Unlike other types of discrimination, fetishization capitalizes on the idea of “positive bias” by positioning someone’s race, body size, gender, or another attribute as something to be sought after.

Fetishization is why fans of color are expected to be satisfied with the fact that characters that look like us are being drawn/written in erotic situations at all. It’s why we’re expected to ignore racist fanworks and not talk about the fact that it can be dehumanizing to come across them and see all the comments and notes be celebratory.

It’s also often entirely unconscious.

Sometimes, the mistakes we see creators make in fandom are just that: accidental.

No one is born a level 100 Social Justice Scribe and folks just do mess up when they don’t know any better.

But sometimes the racism is on purpose. Sometimes it’s the author’s id on overdrive, and they really do think that they have a divinity-given right to get their (metaphorical) freak on even if that means doing it in a racist way.

Other times, it is absolutely on purpose when a writer or artist can only conceive of people of color along the lines of sexual objectification written for us by whiteness and white supremacy and they really don’t care that we can see it right in front of our salads. (And yes, queer people can and do buy into that crap hardcore. Look into “homonationalism” one of these days if you ever want to get grouchy because the bigotry that fuels that is absolutely present in fandom.)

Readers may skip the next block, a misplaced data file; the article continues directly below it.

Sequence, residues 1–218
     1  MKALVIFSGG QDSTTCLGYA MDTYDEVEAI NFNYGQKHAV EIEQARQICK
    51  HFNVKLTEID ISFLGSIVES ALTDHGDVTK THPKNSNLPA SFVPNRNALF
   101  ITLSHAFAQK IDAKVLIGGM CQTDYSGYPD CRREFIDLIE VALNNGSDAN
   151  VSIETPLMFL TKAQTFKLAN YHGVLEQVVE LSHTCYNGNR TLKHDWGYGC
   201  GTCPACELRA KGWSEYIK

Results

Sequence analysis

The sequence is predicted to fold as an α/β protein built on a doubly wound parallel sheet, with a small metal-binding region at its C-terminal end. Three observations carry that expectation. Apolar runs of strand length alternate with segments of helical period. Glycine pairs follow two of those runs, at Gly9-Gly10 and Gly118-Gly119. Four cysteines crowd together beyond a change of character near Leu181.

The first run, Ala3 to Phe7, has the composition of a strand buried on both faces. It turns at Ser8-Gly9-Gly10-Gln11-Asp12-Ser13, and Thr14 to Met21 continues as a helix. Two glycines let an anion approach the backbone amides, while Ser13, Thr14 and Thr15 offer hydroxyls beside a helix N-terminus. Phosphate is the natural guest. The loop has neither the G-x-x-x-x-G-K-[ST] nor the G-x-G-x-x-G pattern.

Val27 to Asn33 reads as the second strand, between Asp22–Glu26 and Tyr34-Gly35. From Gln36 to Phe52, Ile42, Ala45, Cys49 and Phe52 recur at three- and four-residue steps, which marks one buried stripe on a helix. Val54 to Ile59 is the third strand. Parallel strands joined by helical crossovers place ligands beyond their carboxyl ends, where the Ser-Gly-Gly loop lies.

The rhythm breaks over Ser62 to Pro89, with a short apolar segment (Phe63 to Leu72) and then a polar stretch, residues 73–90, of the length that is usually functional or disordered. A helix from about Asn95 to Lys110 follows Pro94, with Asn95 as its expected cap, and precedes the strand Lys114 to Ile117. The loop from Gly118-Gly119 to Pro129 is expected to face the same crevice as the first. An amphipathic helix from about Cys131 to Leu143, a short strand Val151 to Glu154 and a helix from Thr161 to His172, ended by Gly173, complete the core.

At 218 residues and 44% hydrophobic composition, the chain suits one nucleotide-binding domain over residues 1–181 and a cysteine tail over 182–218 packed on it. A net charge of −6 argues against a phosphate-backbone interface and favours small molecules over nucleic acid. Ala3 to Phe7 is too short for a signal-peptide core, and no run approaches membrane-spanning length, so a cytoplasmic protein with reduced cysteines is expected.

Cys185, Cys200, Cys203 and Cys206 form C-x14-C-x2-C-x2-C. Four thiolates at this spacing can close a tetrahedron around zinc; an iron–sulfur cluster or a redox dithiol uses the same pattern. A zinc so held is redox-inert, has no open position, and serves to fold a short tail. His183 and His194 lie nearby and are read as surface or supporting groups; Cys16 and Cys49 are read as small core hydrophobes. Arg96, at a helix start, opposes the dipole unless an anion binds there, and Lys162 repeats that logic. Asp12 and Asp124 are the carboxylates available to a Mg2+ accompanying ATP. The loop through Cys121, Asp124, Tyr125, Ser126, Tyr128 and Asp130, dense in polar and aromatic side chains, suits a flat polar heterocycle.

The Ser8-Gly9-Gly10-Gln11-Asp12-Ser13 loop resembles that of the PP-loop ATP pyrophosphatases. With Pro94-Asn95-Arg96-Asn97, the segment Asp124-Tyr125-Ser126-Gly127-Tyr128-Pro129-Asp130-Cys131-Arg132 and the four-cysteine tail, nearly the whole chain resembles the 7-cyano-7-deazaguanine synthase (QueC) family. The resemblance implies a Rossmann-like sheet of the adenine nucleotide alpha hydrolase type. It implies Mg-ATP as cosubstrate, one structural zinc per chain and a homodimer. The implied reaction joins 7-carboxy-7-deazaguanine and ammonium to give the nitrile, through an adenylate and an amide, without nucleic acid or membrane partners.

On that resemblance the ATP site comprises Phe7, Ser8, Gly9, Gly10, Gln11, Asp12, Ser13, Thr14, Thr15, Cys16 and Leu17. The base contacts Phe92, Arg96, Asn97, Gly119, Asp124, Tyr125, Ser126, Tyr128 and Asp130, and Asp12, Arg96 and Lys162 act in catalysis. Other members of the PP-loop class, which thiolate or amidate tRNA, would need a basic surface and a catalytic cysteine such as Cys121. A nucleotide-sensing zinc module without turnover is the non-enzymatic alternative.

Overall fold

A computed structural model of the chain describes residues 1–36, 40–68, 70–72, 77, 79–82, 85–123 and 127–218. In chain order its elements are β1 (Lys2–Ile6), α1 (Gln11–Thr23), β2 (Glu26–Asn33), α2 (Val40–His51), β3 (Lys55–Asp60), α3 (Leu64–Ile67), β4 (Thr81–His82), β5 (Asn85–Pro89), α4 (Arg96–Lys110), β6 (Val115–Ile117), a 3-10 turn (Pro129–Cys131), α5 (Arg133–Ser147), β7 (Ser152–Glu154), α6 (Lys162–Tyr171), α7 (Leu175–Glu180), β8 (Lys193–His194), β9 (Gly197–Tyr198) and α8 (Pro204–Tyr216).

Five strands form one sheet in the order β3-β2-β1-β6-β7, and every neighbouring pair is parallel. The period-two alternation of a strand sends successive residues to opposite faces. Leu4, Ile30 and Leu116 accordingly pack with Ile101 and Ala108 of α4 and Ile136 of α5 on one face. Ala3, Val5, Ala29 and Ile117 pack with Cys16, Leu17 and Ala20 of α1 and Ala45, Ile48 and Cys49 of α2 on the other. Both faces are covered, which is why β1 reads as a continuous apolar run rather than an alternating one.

When we’re talking about creators messing up… here’s how that can look:

The main way that creators in fandom mess up,is in the way that we have lots of fanworks where a Black/brown character is somehow significantly larger than the non-Black person that is their partner in said fanworks… even when canon doesn’t match up.

Finn from Star Wars is a given, but there’s also John Boyega’s Jake Pentecost, Korra from The Legend of Korra series, Pharah from Overwatch, and Sam Wilson and T’challa from the Marvel Cinematic Universe.